Transmission electron microscopy
TEM was used to evaluate the size and structural features of ABZ-loaded MCM-41 NPs. The results of TEM confirmed the results of DLS and demonstrated that the NPs were synthesized at the nanoscale size. As Fig. 2a shows, the NPs were formed in uniform nanospheres with the hexagonal array of channels. Also, the porous structure of these NPs can be clearly observed.
Scanning electron microscopy
SEM was used to evaluate the surface morphology and size distribution of ABZ-loaded MCM-41 NPs. The SEM image of the NPs demonstrated that these particles were synthesized as homogenous and spherical NPs, which had a smooth surface (Fig. 2b). Also, it demonstrated that ABZ-loaded MCM-41 NPs were well dispersed without aggregation.
Fourier Transformed Infrared Spectroscopy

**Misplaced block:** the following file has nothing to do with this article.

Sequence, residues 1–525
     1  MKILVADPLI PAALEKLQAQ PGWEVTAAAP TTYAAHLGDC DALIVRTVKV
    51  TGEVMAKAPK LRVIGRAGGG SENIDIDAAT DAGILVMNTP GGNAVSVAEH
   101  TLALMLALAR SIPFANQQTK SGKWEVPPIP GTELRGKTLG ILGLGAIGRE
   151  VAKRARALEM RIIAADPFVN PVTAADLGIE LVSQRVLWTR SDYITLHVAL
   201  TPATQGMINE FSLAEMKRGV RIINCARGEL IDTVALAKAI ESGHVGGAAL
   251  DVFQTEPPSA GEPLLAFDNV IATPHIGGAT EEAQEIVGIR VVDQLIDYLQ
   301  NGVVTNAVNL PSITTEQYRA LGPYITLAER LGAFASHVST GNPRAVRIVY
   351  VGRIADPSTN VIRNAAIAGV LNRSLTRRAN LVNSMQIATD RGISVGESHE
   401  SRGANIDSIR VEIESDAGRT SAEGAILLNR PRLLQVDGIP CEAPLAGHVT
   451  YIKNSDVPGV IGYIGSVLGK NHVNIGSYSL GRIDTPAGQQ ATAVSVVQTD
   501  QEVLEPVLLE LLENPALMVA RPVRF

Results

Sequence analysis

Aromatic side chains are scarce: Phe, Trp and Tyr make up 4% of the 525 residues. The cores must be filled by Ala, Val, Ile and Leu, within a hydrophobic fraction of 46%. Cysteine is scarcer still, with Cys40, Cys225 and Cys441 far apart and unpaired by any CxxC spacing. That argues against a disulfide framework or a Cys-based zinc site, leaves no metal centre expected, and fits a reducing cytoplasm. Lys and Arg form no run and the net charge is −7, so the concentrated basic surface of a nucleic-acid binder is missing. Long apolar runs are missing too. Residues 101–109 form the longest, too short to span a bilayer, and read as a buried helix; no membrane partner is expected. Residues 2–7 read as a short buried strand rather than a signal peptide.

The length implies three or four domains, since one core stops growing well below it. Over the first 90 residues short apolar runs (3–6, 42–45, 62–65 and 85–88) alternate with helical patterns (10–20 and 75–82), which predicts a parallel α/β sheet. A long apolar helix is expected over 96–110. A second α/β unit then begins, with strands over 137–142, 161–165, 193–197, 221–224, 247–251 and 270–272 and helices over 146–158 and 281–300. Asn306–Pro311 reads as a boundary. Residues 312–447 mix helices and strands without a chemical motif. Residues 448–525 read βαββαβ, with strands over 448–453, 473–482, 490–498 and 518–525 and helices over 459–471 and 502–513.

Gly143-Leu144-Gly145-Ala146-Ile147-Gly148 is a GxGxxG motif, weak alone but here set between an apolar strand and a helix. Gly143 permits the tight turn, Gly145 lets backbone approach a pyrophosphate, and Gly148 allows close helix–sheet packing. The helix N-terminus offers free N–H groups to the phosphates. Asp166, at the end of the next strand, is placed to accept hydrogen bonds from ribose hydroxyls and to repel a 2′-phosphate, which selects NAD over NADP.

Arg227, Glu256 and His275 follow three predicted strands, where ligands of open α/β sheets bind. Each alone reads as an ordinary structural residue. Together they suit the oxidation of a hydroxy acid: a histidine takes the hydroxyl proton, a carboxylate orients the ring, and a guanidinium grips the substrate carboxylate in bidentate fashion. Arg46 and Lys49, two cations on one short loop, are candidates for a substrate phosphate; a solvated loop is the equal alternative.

Fig. 3 demonstrates the FTIR spectroscopy of pure ABZ. The peak assigned to 3323 cm−1 was related to the stretching vibration mode of amide N-H. The absorption band observed at around 2960 cm−1 was related to the aliphatic hydrocarbon group (C-H). The ester C=O bond of the carbamate portion was observed at about 1713 cm−1. The peak related to the aromatic C=C bond was observed at around 1623 cm−1, which along with the amide N-H bond, constitute the benzimidazole portion of the drug. The peak observed at around 1523 cm−1 indicated the stretching vibration mode of the C=N group (3). Overall, the FTIR spectrum indicated normal bands of pure ABZ (3). Also, the bands related to asymmetric and symmetric Si-O-Si stretches of MCM-41 were observed at 1110 and 825 cm-1, respectively. A peak at around 980 cm-1 was also related to the tension of the Si-OH bonds of the MCM-41 compound (23). The existence of ABZ related peaks in ABZ-loaded NPs (e.g., 1623 cm−1, demonstrate by arrows in Fig. 3) confirmed that ABZ was loaded into the NPs. According to the results, ABZ preserved its chemical bonds in MCM-41 NPs, indicating the physical loading of ABZ into the NPs.